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Mangroves on the Deccan

~ by Prachi Thatte (WWF-India)

Home to several species of mammals and birds, the Deccan plateau has a mix of dry and moist deciduous forests. These forests are adapted to moderate rainfall during monsoon and a long dry season characteristic of central India. But this has not always been the case. The geological and climatic history of earth is marked by many periods of changes and even flips. A recent study adds to the evidence that the Deccan plateau once supported dense rainforests and a seaway that passed through the heart of central India.

During the age of dinosaurs, around 200 million years ago, South America, Africa, India, Australia and Antarctica together formed a supercontinent, the Gondwana. Due to plate tectonic movements, the Indian subcontinent gradually separated from rest of the land masses, started moving north and eventually collided with Eurasia, forming the mighty Himalayas. Before the collision, the subcontinent went through a long isolated journey along different latitudes and experienced different climates. This story of movement and dynamic climate is stored in the fossils found deep under the surface of the soil.


The breakup of Gondwana, 200 million years ago, and motion of continents to their present-day positions. Source: http://pubs.usgs.gov/gip/dynamic/historical.html Bones, scales, leaves and even pollen and cysts get preserved between sedimentary deposits creating a rich historical library over years. Fossils stored at different depths and the associated soil/rock can give a glimpse of the geological and biological history of a region. A recent study, carried out by scientists from Birbal Sahni Institute of Palaeosciences (Lucknow) and Indian Institute of Technology (Roorkee), looked at such a piece of history from Ashti village in Yeotmal district of Maharashtra. The researchers bored an 80 meters deep narrow shaft and excavated the soil and rock sample. Around 60 m below the ground surface they found fossils- pollen, spores and cysts around 60-70 million years old.

These fossils were found below the layer of lava that came from the Deccan volcanic flow. So the fossils belong to a time before the volcanic event that happened around 66 million years ago. The fossils were identified as spores from different species of aquatic ferns and pollen from a couple of species of palm. The authors also discovered two new species of pollen- Dipterocarpuspollenites cretacea and Retiacolpites pigafettaensis. Although these species with jawbreaker names are now extinct, the existing relatives of these are found in low-lying rain forests and thrive in highly humid conditions. This suggests that their extinct relatives might also have preferred similar conditions. The authors also found high abundance of Nypa palm pollen. Nypa is a coastal palm that requires highly humid conditions and is currently only found in Sundarbans in India. Based on all this fossil evidence, the authors conclude that, before the Deccan volcanism, while the Indian subcontinent was still floating, the area around Yavatmal was a low-lying coastal area with high humidity due to persistent rainfall.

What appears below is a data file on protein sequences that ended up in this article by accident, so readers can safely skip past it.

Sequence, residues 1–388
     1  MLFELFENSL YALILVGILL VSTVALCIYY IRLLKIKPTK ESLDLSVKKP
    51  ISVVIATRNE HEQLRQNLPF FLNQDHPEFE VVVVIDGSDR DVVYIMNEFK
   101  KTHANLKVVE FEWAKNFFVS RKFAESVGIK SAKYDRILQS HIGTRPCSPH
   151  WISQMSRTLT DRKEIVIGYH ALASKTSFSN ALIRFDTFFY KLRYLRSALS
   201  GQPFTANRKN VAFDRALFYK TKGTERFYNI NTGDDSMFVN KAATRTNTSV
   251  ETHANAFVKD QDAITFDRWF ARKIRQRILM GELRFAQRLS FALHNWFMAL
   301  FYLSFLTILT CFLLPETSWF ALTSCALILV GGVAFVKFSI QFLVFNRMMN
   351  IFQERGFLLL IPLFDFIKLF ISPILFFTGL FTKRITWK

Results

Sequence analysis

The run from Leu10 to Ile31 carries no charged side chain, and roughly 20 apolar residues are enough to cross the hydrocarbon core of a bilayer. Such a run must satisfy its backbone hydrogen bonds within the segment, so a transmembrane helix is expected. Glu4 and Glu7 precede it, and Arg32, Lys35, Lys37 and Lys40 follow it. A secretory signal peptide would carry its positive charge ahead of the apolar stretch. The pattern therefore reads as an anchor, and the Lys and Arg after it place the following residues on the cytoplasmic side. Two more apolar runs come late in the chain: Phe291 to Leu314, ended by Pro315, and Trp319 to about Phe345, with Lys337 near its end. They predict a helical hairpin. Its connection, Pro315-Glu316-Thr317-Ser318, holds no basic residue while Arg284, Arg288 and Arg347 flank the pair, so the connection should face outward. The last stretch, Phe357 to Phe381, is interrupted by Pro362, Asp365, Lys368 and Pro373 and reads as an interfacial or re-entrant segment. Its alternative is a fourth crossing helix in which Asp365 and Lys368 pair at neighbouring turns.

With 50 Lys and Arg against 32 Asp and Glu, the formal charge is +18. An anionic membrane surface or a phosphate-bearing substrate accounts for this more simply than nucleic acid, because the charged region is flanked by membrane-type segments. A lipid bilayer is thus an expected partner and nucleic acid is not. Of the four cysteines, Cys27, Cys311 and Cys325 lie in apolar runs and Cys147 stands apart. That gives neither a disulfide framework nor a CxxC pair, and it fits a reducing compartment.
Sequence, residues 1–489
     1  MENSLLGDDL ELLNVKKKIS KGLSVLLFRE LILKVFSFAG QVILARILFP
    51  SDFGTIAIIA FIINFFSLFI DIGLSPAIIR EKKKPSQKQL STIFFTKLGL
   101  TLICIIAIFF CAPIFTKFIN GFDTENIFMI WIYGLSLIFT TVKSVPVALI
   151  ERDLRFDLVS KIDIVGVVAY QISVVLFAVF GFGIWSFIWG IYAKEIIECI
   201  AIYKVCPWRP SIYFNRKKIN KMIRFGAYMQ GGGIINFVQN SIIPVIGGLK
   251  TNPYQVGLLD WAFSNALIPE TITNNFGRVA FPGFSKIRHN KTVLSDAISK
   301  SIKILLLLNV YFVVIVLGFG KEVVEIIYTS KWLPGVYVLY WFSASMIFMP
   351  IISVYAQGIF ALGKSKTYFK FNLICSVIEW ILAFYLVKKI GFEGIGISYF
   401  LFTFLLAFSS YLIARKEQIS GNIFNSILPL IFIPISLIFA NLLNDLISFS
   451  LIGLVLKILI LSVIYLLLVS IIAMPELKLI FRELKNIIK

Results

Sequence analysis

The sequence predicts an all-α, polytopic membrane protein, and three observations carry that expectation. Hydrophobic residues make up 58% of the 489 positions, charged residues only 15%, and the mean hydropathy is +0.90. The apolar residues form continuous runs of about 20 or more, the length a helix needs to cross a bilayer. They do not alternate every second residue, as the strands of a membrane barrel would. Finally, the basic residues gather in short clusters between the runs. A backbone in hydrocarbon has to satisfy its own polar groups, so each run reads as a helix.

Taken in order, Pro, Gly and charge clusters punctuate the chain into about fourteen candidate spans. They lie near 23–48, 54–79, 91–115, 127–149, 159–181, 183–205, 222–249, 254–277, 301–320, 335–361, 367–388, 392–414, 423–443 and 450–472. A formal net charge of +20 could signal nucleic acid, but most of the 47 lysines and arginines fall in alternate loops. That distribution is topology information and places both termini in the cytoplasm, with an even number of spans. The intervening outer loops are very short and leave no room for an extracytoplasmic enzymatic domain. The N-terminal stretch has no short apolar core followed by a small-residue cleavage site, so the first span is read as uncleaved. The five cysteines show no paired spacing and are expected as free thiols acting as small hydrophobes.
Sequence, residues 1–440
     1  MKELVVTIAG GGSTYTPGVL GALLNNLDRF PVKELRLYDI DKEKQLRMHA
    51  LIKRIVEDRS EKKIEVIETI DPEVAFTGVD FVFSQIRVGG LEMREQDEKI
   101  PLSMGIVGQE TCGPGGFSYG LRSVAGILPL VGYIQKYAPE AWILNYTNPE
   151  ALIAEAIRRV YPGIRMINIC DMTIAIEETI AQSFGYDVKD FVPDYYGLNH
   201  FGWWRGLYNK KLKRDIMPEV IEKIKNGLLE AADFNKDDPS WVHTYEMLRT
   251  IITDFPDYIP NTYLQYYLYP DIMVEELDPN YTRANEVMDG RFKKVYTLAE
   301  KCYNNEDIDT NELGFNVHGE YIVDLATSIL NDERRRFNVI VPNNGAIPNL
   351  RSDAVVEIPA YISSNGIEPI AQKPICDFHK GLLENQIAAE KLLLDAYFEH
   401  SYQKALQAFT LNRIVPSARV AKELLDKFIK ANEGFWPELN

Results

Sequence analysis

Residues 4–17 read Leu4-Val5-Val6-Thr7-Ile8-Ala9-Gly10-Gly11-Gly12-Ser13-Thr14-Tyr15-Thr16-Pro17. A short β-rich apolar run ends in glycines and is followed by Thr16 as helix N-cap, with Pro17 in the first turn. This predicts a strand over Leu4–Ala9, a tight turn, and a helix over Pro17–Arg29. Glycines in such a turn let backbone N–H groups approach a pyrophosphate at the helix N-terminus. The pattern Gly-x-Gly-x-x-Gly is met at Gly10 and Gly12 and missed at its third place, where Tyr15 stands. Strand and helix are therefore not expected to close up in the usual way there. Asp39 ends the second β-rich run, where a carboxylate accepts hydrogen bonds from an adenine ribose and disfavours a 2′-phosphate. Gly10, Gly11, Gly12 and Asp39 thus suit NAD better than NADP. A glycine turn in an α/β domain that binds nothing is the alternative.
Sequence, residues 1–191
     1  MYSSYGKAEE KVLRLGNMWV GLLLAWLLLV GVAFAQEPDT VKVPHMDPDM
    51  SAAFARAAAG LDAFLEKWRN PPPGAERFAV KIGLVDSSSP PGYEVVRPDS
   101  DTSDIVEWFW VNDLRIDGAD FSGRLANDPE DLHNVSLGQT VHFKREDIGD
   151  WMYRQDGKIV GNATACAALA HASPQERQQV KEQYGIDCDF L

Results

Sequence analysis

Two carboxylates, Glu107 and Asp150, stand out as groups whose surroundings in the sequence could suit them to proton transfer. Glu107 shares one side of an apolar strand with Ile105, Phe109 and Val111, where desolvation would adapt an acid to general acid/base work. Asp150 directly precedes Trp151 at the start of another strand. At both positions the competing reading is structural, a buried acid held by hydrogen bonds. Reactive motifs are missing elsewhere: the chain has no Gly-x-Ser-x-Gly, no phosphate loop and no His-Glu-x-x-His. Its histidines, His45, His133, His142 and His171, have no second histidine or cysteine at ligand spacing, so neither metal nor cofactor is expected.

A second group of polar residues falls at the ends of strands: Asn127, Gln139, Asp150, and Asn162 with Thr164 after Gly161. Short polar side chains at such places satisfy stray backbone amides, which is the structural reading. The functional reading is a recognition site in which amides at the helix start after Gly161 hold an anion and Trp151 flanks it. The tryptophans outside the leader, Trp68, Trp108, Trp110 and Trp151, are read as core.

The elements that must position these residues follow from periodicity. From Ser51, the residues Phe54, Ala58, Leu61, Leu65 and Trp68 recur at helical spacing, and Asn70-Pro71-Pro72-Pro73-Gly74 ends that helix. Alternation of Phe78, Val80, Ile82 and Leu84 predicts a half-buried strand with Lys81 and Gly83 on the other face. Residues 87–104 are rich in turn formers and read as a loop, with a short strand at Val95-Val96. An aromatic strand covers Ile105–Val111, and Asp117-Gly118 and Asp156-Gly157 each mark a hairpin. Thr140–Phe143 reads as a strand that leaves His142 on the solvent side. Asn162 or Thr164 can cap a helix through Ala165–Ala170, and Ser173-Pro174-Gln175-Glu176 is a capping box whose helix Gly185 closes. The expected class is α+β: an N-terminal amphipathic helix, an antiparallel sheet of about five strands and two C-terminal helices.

Representative light microscopic photographs of Nypa pollen (scale bars= 10 uM).

During the period to which these fossils belong, the sea level was ~100m higher than today. Parts of several continents were flooded with marine water and some also had seaways cutting across them. Paleontologist Ashok Sahni, known for his work on dinosaur fossils and nesting sites in central India, had proposed the presence of such a seaway, a trans-Deccan strait, in central India. In his 1983 research paper, he had suggested invasion of marine water into central India through the Narmada rift zone in the west and the Godavari rift zone in the east.

Post 1983, several researchers found fossils of mangrove plants and microscopic marine organisms in the central and western parts of central India. In the present study, authors found a large number of Nypa palm pollen, a brackish mangrove palm, along with cysts of marine planktons that proliferate in low-saline conditions. These fossils, along with mangrove fern and plant fossils found in Chhindwara in Madhya Pradesh, Nawargaon in Wardha basin, Maharashtra and Rajahmundri close to Andhra Pradesh coast, as a part of other studies, confirm the invasion of marine water along the Godavari rift zone, supporting the possibility of a trans-Deccan strait.


The fossils found in this study contribute towards understanding the climatic and geological changes the Indian sub-continent went through in the past, during its long solitary march after splitting from Gondwana. During ~100 million years of drifting, the sub-continent experienced changing climate and evolution of several species of plants and animals, some of which got preserved as fossils. From the first dinosaur fossil found in Jabalpur in 1828, the subcontinent has yielded a stream of important finds, from primitive plants to large reptiles. These have helped in unveiling the dynamic past environments and landscapes. Such studies provide crucial evidence to understand the earth’s evolution and the periods when it underwent significant climate change. For an interesting interactive website that shows how the earth and the continents looked along with fossil evidences across geologic time go here. Original paper: Vandana Prasad, Anjum Farooqui, Srikanta Murthy, Omprakash S. Sarate and Sunil Bajpai (2018) Palynological assemblage from the Deccan Volcanic Province, central India: Insights into early history of angiosperms and the terminal Cretaceous paleogeography of peninsular India. Cretaceous Research. Volume 86, Pages 186-198. https://doi.org/10.1016/j.cretres.2018.03.004

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